What is a Certified Athletic Trainer?
Athletic training is practiced by athletic trainers, health care professionals who collaborate with physicians to optimize activity and participation of patients and clients. Athletic training encompasses the prevention, diagnosis, and intervention of emergency, acute, and chronic medical conditions involving impairment, functional limitations, and disabilities.
To become certified athletic trainers, students must graduate with bachelors or masters degree from an accredited professional athletic training education program and pass a comprehensive test administered by the Board of Certification. Once certified, they must meet ongoing continuing education requirements in order to remain certified.
While practice act oversight varies by state, athletic trainers practice under state statutes recognizing them as health care professionals. Athletic training licensure/regulation exists in 47 states.
ATHLETIC TRAINER VS. PERSONAL TRAINER
How do Athletic Trainers differ from Personal Trainers?
Places of employment
Athletic Trainers provide healthcare in many different settings including
- Secondary schools
- Colleges and universities
- Professional sports
- Hospitals, clinics, physician offices and sports medicine clinics
- Military and law enforcement
- Industrial and commercial
- Performing Arts
Athletic training education
In the United States Athletic Training Education Programs are accredited by the [Commission on Accreditation of Athletic Training Education] (CAATE). Entry level athletic training education uses a competency-based approach in both the classroom and clinical settings. Students must receive instruction in the foundational courses of human physiology, human anatomy, exercise physiology, kinesiology/biomechanics, nutrition, acute care of injury and illness, statistics and research design, and strength training and reconditioning. The student must be introduced to professional coursework that encompasses the following domains:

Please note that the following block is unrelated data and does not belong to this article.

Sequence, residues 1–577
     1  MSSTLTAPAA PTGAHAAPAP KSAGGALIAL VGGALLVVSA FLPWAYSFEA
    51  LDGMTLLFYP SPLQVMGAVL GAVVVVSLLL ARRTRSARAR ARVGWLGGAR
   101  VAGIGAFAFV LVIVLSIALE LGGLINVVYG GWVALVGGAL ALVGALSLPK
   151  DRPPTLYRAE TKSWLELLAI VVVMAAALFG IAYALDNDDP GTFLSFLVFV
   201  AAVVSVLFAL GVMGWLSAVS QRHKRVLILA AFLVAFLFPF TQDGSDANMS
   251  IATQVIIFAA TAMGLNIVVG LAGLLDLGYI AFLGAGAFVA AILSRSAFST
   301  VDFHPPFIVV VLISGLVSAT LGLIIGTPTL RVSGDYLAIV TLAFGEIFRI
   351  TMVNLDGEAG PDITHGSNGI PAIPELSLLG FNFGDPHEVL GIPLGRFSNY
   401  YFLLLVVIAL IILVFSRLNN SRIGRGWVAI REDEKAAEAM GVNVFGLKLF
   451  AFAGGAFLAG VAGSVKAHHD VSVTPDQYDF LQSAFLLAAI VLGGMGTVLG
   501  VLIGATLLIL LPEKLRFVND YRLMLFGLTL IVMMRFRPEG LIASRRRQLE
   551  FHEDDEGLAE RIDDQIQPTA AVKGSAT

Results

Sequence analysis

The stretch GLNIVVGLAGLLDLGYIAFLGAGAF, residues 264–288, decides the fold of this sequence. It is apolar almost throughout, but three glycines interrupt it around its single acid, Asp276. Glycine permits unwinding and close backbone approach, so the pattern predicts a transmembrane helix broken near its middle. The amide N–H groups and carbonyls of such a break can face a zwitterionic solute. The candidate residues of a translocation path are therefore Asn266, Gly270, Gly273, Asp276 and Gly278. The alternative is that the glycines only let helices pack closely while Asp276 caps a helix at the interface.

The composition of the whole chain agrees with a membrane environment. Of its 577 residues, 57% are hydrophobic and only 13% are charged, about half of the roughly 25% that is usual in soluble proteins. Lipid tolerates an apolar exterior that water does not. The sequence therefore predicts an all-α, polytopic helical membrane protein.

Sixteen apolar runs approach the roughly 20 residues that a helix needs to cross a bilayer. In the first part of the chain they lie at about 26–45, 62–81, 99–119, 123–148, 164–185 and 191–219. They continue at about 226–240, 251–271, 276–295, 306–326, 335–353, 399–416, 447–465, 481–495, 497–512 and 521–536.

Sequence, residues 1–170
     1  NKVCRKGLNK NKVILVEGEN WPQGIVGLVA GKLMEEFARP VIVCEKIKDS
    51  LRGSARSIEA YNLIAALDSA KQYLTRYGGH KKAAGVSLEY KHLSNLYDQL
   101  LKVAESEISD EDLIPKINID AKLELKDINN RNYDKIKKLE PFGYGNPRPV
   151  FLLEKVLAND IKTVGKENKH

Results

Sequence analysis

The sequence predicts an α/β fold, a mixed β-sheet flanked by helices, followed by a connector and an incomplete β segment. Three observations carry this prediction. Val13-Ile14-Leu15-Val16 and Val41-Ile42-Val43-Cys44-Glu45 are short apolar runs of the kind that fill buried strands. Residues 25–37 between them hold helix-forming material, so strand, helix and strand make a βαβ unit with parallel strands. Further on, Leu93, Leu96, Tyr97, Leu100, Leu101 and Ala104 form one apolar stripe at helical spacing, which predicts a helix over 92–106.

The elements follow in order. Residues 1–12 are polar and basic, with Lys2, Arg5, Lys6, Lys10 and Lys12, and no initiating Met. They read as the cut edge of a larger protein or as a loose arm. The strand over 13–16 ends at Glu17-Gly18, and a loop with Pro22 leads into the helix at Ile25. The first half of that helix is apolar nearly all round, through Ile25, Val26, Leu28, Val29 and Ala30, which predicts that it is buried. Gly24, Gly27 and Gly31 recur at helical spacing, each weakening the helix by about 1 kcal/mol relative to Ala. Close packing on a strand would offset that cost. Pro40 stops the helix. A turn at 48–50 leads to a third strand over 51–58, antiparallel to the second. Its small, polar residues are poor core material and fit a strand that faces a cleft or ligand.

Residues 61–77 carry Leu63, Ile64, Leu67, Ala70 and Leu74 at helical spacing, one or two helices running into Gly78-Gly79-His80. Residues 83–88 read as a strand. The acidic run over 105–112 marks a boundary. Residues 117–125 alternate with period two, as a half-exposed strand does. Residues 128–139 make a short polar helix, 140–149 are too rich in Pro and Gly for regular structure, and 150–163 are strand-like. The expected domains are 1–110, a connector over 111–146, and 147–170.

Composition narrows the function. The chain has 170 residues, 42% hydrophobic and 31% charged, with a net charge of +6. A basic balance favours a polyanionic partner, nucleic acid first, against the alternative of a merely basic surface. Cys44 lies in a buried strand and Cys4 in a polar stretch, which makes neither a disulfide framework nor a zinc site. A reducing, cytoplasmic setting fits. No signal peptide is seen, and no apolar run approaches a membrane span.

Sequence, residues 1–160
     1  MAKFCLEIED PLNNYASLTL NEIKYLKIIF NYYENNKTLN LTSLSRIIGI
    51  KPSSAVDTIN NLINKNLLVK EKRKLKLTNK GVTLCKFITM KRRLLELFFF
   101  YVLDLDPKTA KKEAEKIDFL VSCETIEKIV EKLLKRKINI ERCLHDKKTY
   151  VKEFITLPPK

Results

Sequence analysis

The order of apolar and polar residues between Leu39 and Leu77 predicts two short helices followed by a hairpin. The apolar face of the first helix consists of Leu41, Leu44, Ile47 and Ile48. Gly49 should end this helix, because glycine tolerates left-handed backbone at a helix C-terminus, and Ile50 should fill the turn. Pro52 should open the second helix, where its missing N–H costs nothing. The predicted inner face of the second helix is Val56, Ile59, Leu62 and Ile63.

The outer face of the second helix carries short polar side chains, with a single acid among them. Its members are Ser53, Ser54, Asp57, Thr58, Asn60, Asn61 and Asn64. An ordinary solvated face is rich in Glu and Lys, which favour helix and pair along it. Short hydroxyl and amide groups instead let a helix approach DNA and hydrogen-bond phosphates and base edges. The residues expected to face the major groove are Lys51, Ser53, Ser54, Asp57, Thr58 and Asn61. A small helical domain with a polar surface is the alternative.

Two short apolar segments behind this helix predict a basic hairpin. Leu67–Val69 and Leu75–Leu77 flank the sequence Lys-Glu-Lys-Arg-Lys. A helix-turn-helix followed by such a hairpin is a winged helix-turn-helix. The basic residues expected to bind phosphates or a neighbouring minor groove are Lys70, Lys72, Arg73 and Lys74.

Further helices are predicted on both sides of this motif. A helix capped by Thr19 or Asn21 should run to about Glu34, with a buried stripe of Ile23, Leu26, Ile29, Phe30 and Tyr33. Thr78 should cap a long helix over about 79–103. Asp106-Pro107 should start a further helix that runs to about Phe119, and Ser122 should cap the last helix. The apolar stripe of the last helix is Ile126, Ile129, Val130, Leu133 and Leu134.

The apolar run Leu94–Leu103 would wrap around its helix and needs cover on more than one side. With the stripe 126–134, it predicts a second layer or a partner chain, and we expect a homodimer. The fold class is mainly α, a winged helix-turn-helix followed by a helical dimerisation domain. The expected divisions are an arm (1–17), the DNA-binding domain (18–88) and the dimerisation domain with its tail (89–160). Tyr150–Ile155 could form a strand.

- Risk management
- Pathology of injury/illness
- Prevention and assessment of injuries/illness
- General medical conditions and disabilities
- Therapeutic modalities
- Strength and Conditioning
- Therapeutic massage
- Emergency medicine
- Weight management, nutrition, and body composition
- Psychosocial intervention and referral
- Medical ethics and legal issues & Pharmacology
- Professional development and responsibilities
The profession of athletic training originated in the 1930s, with the majority of athletic trainers employed at colleges, universities, and high schools, providing services almost exclusively to athletes. This setting has been referred to as the "traditional setting" for athletic training employment. Between the years of 1947 and 1950, university athletic trainers started organizing themselves into separate regional conferences. In 1950, 101 athletic trainers from the various conferences met in Kansas City, Missouri, and officially formed the National Athletic Trainers' Association (NATA), with its primary purpose: to set professional standards for the athletic trainer. The NATA has since seen remarkable growth. When the membership was first tracked in 1974, there were 4,500 members. As of today, there are more than 32,000 members. Over the past decade, the role of the athletic trainer has gradually grown to be linked to that of a health care provider. Today, more than 40 percent of athletic trainers are employed in clinics and hospitals working under the direction of a physician as physician extenders. While many athletic trainers continue to work in school settings, others are working as health care providers in all professional sports including rodeo and NASCAR, and some can even be found working with law enforcement departments and government agencies including NASA, the U.S. Senate, and at the Pentagon. Athletic trainers can also be found working internationally with more than 400 Certified Athletic Trainers working in 25 countries outside of the United States (most are in Japan or Canada).
Want to learn more about the profession of athletic training? Visit the National Athletic Trainers' Association website.